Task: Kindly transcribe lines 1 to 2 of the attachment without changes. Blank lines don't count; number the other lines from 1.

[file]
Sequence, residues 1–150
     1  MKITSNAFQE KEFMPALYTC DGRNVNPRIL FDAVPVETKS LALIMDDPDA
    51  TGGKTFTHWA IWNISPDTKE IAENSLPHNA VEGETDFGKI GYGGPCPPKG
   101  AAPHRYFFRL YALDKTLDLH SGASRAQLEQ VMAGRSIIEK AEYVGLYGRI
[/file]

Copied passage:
Sequence, residues 1–150
     1  MKITSNAFQE KEFMPALYTC DGRNVNPRIL FDAVPVETKS LALIMDDPDA